iCloud Backup works seamlessly behind the scenes, creating automatic, scheduled backups. However, the process is not 100% straightforward and you should take some steps to make sure you do not slip through the cracks. The benefit is that it all happens on your phone and you do not need a cable or laptop to do this.
Using the desktop method is a bit more involved and captures a full backup in fewer steps. However, you must remember to connect your iPhone frequently to your computer to do this. At the moment you're using Apple's iTunes software, but Apple is over, starting with the next software update,which will be released in October. After iTunes has gone the way of the dodo, .
We will first look at iCloud. If you are looking for a simpler but less automated method, follow the instructions to back up through iTunes. This will ensure that all important information is stored in an iPhone backup so you can recover your data and continue with your life.
iCloud's Silver Streak: It Also Syncs Your Apps
The first and most important step in getting your iCloud backup under control is to know which apps are backed up separately from your iPhone's primary backup file , mostly just stores your personal settings. To see a list of apps that you can individually save in iCloud, go to Settings and tap on the top of your name.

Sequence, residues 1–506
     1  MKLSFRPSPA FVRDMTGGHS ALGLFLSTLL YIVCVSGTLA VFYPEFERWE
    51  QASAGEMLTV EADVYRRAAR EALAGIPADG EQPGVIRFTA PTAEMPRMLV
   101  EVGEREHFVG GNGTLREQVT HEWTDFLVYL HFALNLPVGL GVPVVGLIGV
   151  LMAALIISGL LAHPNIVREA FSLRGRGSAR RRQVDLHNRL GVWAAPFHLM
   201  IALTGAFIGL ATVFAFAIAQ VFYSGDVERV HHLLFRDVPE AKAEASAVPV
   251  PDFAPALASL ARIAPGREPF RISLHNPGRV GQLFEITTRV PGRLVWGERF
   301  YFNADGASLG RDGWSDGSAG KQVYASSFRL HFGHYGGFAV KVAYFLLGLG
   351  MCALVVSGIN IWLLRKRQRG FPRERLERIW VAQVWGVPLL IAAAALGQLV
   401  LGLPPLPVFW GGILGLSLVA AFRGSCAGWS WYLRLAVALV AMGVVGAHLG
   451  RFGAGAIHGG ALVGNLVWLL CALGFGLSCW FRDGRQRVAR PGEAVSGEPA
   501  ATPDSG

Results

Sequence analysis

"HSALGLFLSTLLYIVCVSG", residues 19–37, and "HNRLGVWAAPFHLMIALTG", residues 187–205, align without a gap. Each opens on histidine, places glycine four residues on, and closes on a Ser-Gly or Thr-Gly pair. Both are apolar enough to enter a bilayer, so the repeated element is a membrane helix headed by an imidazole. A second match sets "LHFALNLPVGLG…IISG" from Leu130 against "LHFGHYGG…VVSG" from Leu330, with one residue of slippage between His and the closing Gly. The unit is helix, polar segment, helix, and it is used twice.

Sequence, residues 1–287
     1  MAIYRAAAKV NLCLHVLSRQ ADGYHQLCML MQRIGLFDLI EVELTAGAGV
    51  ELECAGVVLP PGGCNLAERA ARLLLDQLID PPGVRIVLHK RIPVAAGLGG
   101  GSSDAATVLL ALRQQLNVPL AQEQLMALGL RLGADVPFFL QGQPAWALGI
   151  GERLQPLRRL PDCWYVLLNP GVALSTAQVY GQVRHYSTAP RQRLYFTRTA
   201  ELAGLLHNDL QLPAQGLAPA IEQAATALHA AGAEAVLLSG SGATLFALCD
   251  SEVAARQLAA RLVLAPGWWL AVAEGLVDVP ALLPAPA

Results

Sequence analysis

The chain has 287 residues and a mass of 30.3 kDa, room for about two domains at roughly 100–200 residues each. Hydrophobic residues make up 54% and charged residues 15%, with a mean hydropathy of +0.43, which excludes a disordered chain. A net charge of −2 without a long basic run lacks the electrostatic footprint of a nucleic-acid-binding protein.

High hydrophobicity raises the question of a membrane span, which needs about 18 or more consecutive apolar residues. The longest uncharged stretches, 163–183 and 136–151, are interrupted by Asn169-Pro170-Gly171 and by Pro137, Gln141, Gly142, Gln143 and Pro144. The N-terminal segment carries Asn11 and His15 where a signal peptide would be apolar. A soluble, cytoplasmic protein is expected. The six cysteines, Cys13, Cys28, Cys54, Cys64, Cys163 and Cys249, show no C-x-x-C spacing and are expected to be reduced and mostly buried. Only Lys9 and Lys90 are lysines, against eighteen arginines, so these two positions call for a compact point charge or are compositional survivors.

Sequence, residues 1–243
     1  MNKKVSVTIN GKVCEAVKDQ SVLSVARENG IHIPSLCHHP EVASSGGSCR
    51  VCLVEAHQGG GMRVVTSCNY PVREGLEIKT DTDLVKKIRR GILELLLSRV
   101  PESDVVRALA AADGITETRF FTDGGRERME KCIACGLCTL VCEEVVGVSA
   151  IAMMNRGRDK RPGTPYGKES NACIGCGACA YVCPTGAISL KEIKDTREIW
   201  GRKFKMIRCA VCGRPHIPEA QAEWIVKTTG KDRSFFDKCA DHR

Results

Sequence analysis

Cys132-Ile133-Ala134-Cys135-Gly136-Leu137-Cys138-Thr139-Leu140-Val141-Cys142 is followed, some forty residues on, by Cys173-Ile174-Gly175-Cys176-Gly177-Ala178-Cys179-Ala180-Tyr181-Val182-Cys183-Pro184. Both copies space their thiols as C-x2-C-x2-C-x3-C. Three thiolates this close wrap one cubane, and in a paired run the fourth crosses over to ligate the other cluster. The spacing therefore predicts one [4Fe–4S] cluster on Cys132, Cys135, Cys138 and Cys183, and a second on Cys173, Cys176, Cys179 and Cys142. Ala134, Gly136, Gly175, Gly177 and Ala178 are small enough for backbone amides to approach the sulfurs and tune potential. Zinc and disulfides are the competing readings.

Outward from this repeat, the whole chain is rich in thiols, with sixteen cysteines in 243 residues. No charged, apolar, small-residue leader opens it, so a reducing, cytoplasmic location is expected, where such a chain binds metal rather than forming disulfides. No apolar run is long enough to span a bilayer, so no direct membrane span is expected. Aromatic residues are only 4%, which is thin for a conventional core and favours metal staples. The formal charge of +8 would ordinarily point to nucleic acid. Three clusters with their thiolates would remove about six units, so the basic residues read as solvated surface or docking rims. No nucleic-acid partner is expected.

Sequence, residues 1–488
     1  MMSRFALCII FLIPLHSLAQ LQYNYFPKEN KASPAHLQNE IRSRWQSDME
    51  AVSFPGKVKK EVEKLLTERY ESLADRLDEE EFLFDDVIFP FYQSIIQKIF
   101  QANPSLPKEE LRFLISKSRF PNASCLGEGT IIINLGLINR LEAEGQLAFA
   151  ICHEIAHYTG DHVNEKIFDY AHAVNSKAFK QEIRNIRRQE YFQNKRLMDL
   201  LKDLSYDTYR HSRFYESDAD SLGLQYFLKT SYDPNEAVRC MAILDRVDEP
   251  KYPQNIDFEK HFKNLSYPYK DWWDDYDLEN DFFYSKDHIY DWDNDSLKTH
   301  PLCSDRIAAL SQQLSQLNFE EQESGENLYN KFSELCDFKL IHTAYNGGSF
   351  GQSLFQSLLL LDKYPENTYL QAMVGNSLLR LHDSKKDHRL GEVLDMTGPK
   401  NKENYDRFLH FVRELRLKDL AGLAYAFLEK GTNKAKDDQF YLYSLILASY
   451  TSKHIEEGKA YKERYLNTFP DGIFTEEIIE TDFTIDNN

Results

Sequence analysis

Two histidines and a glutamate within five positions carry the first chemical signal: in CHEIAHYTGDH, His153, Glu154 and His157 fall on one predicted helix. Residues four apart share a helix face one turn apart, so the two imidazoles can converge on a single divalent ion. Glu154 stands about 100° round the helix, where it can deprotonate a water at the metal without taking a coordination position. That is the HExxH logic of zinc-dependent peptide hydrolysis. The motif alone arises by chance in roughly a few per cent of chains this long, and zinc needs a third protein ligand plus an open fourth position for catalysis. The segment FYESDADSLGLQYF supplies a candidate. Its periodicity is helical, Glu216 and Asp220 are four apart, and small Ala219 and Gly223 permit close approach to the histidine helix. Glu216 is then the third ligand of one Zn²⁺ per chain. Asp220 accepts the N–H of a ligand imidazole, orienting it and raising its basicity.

In the second box below, tap the first element labeled iCloud .
Below the bar chart is a list of apps that use iCloud . If one of these buttons is disabled, iCloud will not back up data for this app. If you are not trying to save disk space, you should leave all these options enabled.
If you need to shrink the storage space used in iCloud to integrate everything into one of Apple's three price levels – the free 5 GB plan, $ 2.99 per month and 200 GB, or $ 9.99 per month and 2 TB – You can turn off any apps whose data you like to lose when sharing your iPhone. For example, your favorite news or shares on the previous screen.
If you want to know how much space each of your apps uses to select the apps you want to slice, tap Manage Storage . This will create a list of all your apps, and will show you how much space they occupy in the least-to-most order. You can also delete their data individually. Here you can also change your memory plan.
Image-accurate backups of your camera roll
If you are like most people, photos and videos on your iPhone and iCloud backup probably need more space than any other content. To decide how your iPhone and iCloud should handle your camera, return to the previous screen and tap the first app in the list Apps with iCloud : Photos .
If you just wanted to backup your camera roll, the only setting you would need would be the first picklist named iCloud Photos . If you want to save a backup copy of any photo you take in iCloud indefinitely, you can do so by checking this switch.
See Photos for a list of all other iCloud-enabled apps on your iPhone, starting with Apple's own apps. If you want to make a full backup of all the information on your entire phone, all of these options must be turned on.